Single Review: The Feeling – ‘A Hundred Sinners (Come And Get It)’

“You get the distinct impression that they had more fun recording it than anyone would ever have listening to it”

2 STARS

Digital Release: August 28, 2011

Physical Release: N/A

In The Feeling’s world, ‘bad times’ are waking up and finding there’s no milk for breakfast, or finding a hole in your favourite checked shirt. And just when you thought things couldn’t get any worse for The Feeling, we’re presented a song that serves simply as more ammunition for their greatest detractors. Their jingle-friendly indie pop secured them a spot on the wave of sudden excitement about independent rock and indie bands back in 2004-2006. But by the time their second album was released, indie rock was already headed out of the back door of the music charts to make way for a half-baked attempt at pop revival, before that all changed around 2008 when synthesisers and drum machines became popular again. So in an attempt to remain of remote interest, third album ‘Together We Were Made’ was produced with more of an electropop vibe, but the fundamental problems with The Feeling still ring loud and clear throughout most of the record and in particular it’s indie-by-numbers second single ‘A Hundred Sinners (Come And Get It)’.

The Feeling don’t come across as a cohesive band as much as they do a group of men in search for a few good hooks, who then chuck them into a song with some uninventive lyrics about love and loss added in the hope it’ll make the song more appealing. ‘A Hundred Sinners (Come And Get It)’ has much debt to Take That’s ‘Up All Night’ only with all the folk-pop sensibilities providing the cheeriness, warmth and nostalgia stripped out and dressed back up again in an ill-fitting frock and made to pretend like it wants to dance till morning light when it’s own alcohol consumption rendered it catatonic by ten. Actually, that’s not a very good comparison – this song is so boring it’s practically teetotal. Alongside a plonking piano line and camp carnival-esque bass ditty, unlike Take That’s masterfully orchestrated guitars and brass, listening to The Feeling’s ridiculous musicianship is almost taking a ‘sight-seeing’ tour through Brighton, at night.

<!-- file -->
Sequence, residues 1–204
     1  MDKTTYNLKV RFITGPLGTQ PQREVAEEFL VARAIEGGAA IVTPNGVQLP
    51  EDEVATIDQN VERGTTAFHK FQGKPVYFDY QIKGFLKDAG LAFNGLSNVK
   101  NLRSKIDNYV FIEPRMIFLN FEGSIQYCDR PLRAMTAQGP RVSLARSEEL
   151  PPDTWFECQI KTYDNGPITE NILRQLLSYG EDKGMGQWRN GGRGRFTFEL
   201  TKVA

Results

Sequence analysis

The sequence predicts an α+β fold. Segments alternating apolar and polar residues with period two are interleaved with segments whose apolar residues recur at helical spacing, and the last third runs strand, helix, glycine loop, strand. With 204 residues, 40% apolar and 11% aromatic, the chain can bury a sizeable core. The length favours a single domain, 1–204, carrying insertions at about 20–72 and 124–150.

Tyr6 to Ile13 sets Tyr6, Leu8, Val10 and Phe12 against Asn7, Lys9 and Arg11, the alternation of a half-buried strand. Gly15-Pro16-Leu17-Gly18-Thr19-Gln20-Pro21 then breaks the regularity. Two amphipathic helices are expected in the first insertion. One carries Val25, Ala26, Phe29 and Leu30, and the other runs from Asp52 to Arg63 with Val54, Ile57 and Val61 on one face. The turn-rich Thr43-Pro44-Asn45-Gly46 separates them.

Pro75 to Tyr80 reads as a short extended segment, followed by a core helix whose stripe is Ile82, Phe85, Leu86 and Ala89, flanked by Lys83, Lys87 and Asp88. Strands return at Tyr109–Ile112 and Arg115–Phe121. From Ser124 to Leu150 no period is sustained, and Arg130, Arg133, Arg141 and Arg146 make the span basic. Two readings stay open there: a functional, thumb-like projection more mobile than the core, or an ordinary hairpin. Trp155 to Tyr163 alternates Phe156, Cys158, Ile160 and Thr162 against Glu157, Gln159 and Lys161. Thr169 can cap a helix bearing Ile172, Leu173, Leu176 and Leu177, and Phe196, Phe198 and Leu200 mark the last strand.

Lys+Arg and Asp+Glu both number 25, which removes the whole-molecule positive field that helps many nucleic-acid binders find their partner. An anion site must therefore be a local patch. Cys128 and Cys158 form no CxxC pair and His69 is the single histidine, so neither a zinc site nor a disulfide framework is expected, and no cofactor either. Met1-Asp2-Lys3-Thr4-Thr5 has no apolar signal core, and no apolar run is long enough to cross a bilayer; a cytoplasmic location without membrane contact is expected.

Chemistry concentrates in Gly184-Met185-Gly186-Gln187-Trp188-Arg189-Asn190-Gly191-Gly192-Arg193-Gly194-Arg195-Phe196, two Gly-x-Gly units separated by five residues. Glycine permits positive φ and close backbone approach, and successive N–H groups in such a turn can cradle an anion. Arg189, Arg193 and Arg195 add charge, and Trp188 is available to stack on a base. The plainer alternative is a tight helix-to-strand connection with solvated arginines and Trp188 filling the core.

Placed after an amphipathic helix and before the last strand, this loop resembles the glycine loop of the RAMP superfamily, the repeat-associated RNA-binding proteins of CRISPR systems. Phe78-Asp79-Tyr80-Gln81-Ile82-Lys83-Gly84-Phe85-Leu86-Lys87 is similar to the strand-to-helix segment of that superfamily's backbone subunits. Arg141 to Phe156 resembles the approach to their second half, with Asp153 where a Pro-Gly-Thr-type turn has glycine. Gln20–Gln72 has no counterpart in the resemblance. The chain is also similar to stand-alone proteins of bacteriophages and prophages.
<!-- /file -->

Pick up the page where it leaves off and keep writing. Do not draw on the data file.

There’s not much on offer for the listeners on ‘A Hundred Sinners (Come A Get It)’. It sounds like a glorious title, and one that should’ve seen the band grow some balls at last but you get the distinct impression that they had more fun recording it than anyone would ever have listening to it – it’s pleasant enough; a jingle-jangle tune here, a sprinkling of catchiness there, and there’s little to actively hate about it, but there’s even less to love, the result being something that’s just annoying. And not even indie-pop’s staples of wheezing “Ahhh”s and Dan Gillespie-Sells trying to regain some masculinity by half-shouting the chorus (with hilarious consequences), can save it.

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3 Comments